It’s Halloween time, need I say any more? This is one holiday that is all about atmosphere, and I am a big fan of setting the proper mood, so please follow this recipe before making the jump and reading the rest of this post:
** Put on your favorite copy of Mussorgsky’s Night On Bald Mountain. Don’t have one? Pop Fantasia into your DVD player and forward to the Night On Bald Mountain section (it’s the final animation, with the giant demon). Play this very loud!
**Turn the lights very, very low… lower…lower…
**Make yourself a nice, warm glass of apple cider.
**Scan the room… Is anyone there? Hello? Sorry, I thought I heard something…
Everything set? Ok, there are a few films that I really think deserve mention around Halloween, films that deal with fear, fright, and scare the pants off of me. Try one of these for the long, scary nights of the Halloween season. You’ve probably seen them before, but hey, they’re still scary good!
The Shining by Stanley Kubrick
This is the scariest movie of all time. Period. End of discussion. I think of The Shining as one of those fortunate, perfect moments when an artist’s technique and his chosen subject matter converge into perfect harmony; this story was seemingly written specifically for Kubrick’s camera. Of course, it wasn’t (Stephen King reportedly dislikes Kubrick’s version), but this is one film where the camera, slowly prowling around the Overlook, is the most frightening character in the film; it’s as if Kubrick himself is the evil soul of the hotel, showing us precisely what we fear. I will never forget the first time I saw this movie. I can describe the sofa I was sitting on when those elevator doors spilled blood, the color of the blanket I used to hide my eyes when the dead woman sat up in the bath tub, and the feeling of sitting bolt upright for the film’s final 30 minutes. On a primal level, who can’t imagine someone in his family snapping and trying to take everyone out? This is the definition of cinematic horror.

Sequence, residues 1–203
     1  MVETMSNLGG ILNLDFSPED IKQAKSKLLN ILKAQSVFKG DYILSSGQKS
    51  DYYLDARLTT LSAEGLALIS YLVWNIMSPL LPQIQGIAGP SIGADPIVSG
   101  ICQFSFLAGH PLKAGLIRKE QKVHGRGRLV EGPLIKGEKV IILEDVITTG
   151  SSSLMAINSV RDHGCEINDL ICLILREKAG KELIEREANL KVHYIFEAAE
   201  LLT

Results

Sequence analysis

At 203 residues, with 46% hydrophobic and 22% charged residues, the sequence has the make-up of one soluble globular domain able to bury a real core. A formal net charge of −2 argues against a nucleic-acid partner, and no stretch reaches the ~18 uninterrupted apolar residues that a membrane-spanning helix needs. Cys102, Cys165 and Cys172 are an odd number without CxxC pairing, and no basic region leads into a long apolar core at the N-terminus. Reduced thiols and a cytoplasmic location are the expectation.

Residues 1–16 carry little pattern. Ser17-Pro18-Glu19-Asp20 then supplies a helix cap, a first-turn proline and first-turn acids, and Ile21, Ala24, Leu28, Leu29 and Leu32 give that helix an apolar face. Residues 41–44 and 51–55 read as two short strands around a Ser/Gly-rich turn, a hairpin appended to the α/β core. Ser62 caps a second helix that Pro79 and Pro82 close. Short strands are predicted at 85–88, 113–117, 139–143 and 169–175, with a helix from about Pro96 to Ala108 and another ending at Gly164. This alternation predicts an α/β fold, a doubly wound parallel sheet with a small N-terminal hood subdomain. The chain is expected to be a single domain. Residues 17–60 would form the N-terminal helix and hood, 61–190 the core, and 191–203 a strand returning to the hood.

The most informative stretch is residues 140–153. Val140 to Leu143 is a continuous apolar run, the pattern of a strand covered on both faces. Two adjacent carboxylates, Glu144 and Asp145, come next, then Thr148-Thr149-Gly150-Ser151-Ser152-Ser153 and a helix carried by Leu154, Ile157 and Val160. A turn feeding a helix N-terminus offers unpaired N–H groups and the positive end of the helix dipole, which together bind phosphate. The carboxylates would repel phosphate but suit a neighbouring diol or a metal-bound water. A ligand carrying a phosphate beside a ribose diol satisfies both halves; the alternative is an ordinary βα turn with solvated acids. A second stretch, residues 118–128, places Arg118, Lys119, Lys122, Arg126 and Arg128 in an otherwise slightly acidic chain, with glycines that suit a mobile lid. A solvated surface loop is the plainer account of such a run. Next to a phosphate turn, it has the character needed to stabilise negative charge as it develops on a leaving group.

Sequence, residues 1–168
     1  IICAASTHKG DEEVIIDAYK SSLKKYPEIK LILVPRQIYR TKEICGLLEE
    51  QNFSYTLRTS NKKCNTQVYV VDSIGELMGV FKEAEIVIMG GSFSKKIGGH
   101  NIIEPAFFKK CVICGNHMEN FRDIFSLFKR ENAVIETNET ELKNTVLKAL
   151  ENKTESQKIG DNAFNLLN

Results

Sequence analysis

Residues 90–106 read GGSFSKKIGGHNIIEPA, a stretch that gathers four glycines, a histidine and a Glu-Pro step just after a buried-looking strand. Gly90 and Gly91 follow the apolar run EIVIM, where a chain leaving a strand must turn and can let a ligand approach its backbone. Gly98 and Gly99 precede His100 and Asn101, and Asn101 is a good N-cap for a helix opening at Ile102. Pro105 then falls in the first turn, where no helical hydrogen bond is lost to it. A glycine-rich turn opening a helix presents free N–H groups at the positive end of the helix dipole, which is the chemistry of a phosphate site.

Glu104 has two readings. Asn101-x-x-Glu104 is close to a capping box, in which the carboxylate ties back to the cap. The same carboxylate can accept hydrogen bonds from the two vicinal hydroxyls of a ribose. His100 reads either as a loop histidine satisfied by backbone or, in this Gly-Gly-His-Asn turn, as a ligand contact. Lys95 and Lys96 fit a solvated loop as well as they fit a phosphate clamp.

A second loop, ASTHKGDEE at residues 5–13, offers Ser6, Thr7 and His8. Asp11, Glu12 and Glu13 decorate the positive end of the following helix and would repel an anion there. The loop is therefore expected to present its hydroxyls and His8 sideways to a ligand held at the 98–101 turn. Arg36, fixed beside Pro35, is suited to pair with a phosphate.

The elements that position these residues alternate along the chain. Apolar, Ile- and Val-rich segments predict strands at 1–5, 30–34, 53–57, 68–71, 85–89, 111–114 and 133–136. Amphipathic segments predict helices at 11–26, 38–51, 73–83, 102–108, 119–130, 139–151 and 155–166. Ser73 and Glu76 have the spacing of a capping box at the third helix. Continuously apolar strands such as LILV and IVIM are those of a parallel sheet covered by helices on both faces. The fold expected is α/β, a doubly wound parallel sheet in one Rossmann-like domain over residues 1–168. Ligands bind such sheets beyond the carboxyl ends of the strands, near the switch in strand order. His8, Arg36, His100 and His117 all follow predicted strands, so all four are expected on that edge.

Meet Jack Torrence!: Stanley Kubirck's The Shining
Dead Ringers by David Cronenberg
This one is for the ladies. I have no idea what drugs David Cronenberg takes for recreational purposes, but oh, what I would give to have been a fly on the wall when he pitched Dead Ringers to Twentieth Century Fox…
“Ok, here’s the idea: Twin gynecologists, one dominant and one submissive, trade lovers. Slowly, they develop a co-dependent drug habit which coincides with their development of extreme gynecological tools and botched procedures…”
It Hurts Just To Look: Elliot Mantle's tool set from David Cronenberg's Dead Ringers
Cronenberg loves the concepts of penetration and body modification, but nothing he has made is scarier than his use of this theme in medical, and reproductive, circumstances in Dead Ringers. Few movies in history have dangled impending horror more deftly than the moment when Elliot Mantle (one of two roles played by Jeremy Irons) goes to pick up the gynecological tools he has had made. If you can watch the revelation of those tools and not be filled with dread for the film’s remaining run time, well, you’re made of stronger stuff than I.
Alien: The Director’s Cut by Ridley Scott
Scariest Movie Poster, Ever!: Ridley Scott's Alien